Colorado Senate Minority Leader Lucia Guzman said she does not want to be involved in any process that would determine potential disciplinary actions against Sen. Randy Baumgardner for sexual harassment. This follows a public effort by her fellow Democrats who urged in a letter that she be a part of that process.

Kevin Grantham, the president of Colorado's Senate, refused to say whether he would make any punishment stemming from a sexual harassment investigation -- public. He was asked Monday (Feb. 5, 2018) during a weekly media briefing with Capitol reporters whether he would commit to telling Coloradans any disciplinary action Sen. Randy Baumgardner would face. Baumgardner is the subject of a formal sexual harassment complaint.

“I can’t say one way or the other on that," Grantham said.

Last week, we broke the story that the complaint was considered credible by the independent group that spent two months investigating it. Leadership in the Senate will determine any disciplinary action, it could range from doing nothing, to a private apology or more training, to expulsion from the chamber. Expulsion requires a full vote of the sitting members of the chamber.

State Senate leaders are in a position to decide whether to impose some kind of punishment against Sen. Randy Baumgardner.

The Hot Sulphur Springs Republican is facing a formal complaint of sexual harassment -- a complaint a key source tells us has been validated.

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There is bipartisan support during the 2018 legislative session for a slate of bills on two major topics—consumer data protections and combating Colorado’s opioid epidemic. The measures are slated to get their first hearings this month, but there are still disagreements on how any legislation will ultimately come together.

The woman who filed a sexual harassment complaint against Sen. Randy Baumgardner at Colorado's Capitol said her allegations are considered credible by those tasked with investigating them. An outside company, the Employers Council, investigated the allegations on behalf of legislative leaders.

The woman said she learned of the results of the investigation from a Senate staffer on Tuesday (Jan. 30, 2018). The woman said the staffer told her “the evidence suggests there should be a consequence."

It’s been two months since sexual harassment complaints were filed against several legislators at Colorado’s Capitol. They came mostly in November, during the off-session, when the hallways were quiet.

Now, the building is bustling as lawmakers, lobbyists, aides, staffers and others getting back to work. Committees are debating bills on subjects ranging from transportation to health care.

But still looming in the background are the formal complaints of sexual harassment.

Many rural parts of Colorado don’t have access to high speed internet. Governor John Hickenlooper says correcting that must be a priority for lawmakers, if the state wants to recruit and grow economies outside of the Denver metro area. A bipartisan group of lawmakers is hoping to take up that challenge with Senate Bill 2.

Statehouse reporter Bente Birkeland spoke with Ed Sealover at the Denver Business Journal and Marianne Goodland with Colorado Politics about the broadband debate.

Legislative leaders have selected the Investigations Law Group to offer recommendations on how to change the General Assembly’s workplace harassment policy. 

Investigations Law Group was one of two finalists after the initial list was narrowed. The leaders were split 3-3 along party lines earlier in the week, but came to an agreement on Wednesday, where they voted 4-2.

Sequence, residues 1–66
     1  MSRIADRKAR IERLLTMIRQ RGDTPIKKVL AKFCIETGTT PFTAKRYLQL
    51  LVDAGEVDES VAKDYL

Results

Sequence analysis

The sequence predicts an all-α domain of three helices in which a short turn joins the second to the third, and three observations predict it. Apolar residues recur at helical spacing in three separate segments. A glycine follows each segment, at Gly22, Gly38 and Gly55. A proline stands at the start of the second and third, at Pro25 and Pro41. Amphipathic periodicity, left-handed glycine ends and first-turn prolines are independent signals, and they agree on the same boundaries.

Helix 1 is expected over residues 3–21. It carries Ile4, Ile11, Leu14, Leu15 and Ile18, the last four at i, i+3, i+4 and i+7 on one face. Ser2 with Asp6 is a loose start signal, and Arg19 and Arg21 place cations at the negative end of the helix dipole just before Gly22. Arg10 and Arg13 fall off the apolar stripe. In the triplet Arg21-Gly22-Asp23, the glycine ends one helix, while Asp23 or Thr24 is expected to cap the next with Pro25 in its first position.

The transportation bill backed by Senate Republicans in Colorado gets its first hearing on Tuesday. Statehouse reporter Bente Birkeland talked to Ed Sealover with the Denver Business Journal and Marianne Goodland with Colorado Politics about that and other issues as part of our weekly series during the legislative session.

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Colorado lawmakers recently headed back to the state capitol for the annual legislative session. It's the final session for term-limited Gov. John Hickenlooper. Statehouse reporter Bente Birkeland talked to Brian Eason of The Denver Post and Ed Sealover with the Denver Business Journal to get their outlook on the coming months.

Five women are accusing Rep. Steve Lebsock of Thornton of retaliating against them because they went public with allegations of sexual harassment or intimidating behavior by him. They take issue with a 28-page defense that Lebsock delivered to the mailboxes of his fellow House members just before the legislative session began.

The document has ignited anger among some and is the latest chapter in a series of counter-claims by the Democrat who in the  coming weeks faces the possibility of a vote to oust him from the legislature. 

As Gov. John Hickenlooper delivered his final State of the State address, he received a warm reception from members in both parties. He highlighted some of his successes over his past seven years in office and outlined a broad agenda of what he’d like to see lawmakers accomplish in his last year before he leaves office because of term limits.

Colorado lawmakers returned to the Capitol to begin work on a number of issues such as how to improve the state’s roadways. But amid the usual pomp and circumstance and speeches that usher in the four-month 2018 session, the cloud of sexual harassment allegations loomed large.

COURTESY OF SENATE PRESIDENT KEVIN GRANTHAM

Republican Senate President Kevin Grantham is term limited and sat down with statehouse reporter Bente Birkeland to discuss his focus for his final legislative session.

Bente Birkeland / Capitol Coverage

Lawmakers head to the gold dome on Jan. 10 to begin Colorado's annual legislative session. Here are highlights from statehouse reporter Bente Birkeland's interview with House Minority Leader Patrick Neville about his priorities.